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    Buddhist Climate Action Organizations Paid Member

    United States 1. Aloka ViharaPlacerville, CA 95667(530) 647-8262info@sranaloka.orgAyya Santacitta, Ayya AnandabodhiTheravada Forest Tradition 2. Earth Care Group of Dharma ZephyrInsight Meditation CommunityCarson City, NV 89702(775) 303-2562annemacquarie@gmail.comAnne MacquarieTheravada 3. Green Dragon Earth InitiativeZen Center of New York CityBrooklyn, NY 11217(718) 875-8229zcnyc@mro.orgLorna MasonZen 4. Green SanghaOakland, CA 94620(510) 532-6574info@greensangha.orgLinda CurrieMulti-tradition More »
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    Tricycle Talks: A Life Too Long Paid Member

    Tricycle Talks: Now on iTunes More »
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    Tricycle Talks: Buddhism & Psychotherapy Paid Member

    Tricycle Talks: Now in iTunes In the debut episode of Tricycle Talks, contributing editor Amy Gross speaks with practicing psychiatrist Mark Epstein on Buddhism and psychotherapy. Epstein emphasizes that there is dukkha (suffering) in every place at every time, and that psychotherapeutic practices can help alleviate this suffering. Epstein's new book, The Trauma of Everyday Life, also explores this topic. More »
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    Awake Youth Paid Member

    Awake Youth Project, run by Brookly Zen Center in partnership with Brooklyn College Community Partnership, brings mindfulness and meditation programs to Brooklyn youth. Learn more here. More »
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    A Mindfulness of Thinking Meditation Practice Paid Member

    During the recent forest fire in Idyllwild, my wife Jacquelin and I had to evacuate. We took our newly adopted rescue dog, a female red chow we named Tashi, and headed out to the coast. Of the many offers of places to stay for the duration of the fire, we decided to go to my 78-year-old uncle Bob and his wife Barbara at their home in Camarillo. More »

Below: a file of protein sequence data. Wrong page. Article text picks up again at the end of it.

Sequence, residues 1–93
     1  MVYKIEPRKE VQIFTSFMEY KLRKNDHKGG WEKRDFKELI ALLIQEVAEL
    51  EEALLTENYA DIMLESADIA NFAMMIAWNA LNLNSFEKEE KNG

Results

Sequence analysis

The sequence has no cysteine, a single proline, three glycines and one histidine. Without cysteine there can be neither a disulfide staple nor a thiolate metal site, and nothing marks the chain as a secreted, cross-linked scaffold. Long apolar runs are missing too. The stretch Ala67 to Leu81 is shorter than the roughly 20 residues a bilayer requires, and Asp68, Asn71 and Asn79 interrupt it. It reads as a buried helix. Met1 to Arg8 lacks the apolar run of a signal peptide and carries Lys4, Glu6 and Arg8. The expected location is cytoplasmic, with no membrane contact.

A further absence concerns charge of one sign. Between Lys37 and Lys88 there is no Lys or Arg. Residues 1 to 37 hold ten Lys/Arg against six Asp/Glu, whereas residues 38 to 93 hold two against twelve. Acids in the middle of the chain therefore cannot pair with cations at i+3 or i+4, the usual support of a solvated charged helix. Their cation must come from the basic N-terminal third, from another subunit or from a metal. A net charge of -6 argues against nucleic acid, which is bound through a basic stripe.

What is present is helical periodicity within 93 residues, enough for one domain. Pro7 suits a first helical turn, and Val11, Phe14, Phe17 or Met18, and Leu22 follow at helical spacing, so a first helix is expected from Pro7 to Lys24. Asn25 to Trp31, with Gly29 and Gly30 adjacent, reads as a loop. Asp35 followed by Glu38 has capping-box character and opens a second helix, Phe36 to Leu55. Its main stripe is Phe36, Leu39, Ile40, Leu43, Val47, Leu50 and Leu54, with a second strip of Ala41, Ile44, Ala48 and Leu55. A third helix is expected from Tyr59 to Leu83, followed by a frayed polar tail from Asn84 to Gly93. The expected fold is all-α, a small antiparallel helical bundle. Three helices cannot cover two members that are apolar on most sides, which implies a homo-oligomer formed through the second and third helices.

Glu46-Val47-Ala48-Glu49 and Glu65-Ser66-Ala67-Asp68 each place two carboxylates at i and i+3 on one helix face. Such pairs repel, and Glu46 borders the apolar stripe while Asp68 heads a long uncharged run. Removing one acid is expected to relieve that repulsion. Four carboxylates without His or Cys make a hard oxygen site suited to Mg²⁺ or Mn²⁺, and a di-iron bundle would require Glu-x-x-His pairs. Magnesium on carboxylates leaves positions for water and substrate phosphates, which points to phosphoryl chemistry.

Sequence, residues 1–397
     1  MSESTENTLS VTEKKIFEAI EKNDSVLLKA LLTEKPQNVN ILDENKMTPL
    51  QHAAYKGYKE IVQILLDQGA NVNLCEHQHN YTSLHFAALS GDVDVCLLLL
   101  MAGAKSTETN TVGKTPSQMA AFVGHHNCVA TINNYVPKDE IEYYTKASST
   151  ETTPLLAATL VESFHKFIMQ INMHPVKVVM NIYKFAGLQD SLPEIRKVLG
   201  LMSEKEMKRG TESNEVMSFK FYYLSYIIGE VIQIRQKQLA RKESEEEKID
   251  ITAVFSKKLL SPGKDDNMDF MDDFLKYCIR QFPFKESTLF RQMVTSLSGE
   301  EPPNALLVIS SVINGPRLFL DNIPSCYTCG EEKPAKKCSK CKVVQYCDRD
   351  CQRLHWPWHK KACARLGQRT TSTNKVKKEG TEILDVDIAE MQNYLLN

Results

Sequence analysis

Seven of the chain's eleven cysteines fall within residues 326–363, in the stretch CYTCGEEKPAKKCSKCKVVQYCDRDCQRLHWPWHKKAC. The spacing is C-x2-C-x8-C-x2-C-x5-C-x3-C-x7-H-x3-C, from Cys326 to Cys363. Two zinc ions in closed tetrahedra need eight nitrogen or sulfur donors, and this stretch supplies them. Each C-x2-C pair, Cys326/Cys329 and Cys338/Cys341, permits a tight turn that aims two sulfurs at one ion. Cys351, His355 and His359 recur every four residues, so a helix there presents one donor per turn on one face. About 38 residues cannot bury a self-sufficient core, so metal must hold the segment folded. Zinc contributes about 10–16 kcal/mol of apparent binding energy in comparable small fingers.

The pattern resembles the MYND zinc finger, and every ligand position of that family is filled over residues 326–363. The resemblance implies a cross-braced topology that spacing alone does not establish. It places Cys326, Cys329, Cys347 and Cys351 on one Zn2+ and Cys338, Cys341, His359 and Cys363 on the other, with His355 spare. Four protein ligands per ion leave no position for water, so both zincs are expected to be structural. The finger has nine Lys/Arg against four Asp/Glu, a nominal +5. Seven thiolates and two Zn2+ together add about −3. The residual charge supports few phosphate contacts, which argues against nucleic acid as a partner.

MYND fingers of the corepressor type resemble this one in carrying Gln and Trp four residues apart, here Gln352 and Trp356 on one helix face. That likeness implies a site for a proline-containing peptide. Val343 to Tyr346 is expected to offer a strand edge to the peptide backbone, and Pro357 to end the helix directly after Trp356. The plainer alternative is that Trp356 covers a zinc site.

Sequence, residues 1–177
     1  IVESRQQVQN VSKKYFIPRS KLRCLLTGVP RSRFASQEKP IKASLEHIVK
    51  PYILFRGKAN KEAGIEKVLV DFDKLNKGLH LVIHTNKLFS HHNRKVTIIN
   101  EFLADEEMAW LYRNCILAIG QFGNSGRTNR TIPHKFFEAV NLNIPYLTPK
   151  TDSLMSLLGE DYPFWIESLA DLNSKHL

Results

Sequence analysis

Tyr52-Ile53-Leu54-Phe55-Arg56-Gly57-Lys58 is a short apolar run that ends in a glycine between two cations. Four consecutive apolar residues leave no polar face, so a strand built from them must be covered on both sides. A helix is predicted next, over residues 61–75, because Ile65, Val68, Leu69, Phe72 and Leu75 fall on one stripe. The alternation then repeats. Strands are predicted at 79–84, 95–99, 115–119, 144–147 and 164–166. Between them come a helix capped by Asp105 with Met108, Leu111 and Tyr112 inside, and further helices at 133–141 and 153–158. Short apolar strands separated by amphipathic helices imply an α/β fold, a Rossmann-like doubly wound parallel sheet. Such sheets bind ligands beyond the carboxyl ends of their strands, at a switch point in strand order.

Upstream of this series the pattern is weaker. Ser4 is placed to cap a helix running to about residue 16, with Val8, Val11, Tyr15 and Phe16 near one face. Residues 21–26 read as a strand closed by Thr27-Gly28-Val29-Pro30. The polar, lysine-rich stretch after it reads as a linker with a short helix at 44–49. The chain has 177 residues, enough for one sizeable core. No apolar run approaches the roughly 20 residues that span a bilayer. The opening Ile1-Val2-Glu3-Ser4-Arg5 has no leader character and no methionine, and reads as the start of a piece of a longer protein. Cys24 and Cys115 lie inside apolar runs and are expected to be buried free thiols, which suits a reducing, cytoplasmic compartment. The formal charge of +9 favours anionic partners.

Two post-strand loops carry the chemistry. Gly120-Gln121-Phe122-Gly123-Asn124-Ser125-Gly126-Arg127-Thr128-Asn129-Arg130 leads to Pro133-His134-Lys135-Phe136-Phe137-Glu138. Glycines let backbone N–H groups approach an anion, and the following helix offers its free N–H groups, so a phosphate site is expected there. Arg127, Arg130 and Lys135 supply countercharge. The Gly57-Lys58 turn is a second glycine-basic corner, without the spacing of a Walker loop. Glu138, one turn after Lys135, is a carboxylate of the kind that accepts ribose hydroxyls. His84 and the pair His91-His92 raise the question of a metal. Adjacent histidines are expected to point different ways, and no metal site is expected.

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    Consider the Seed: Behind the Art Paid Member

    With the simple gift of a brass telescope, artist Rob Kesseler became fascinated with our cellular world. Kesseler photographs and colors microscopic plant materials, creating beautifully intricate images. He counts on an intense microscope that uses electron particles beamed across each specimen, resulting in high magnification and definition. Some of these pieces of art require over fifty frames per image. This tedium comes from a deep passion. Notes Kesseler, "Really, I'm sharing my passion for the plant world, and encouraging everyone to use the lenses in their own eyes to see what I see, and to celebrate the fragile world that we live in." Kesseler's artwork is featured in our Fall 2013 article, Consider the Seed.  More »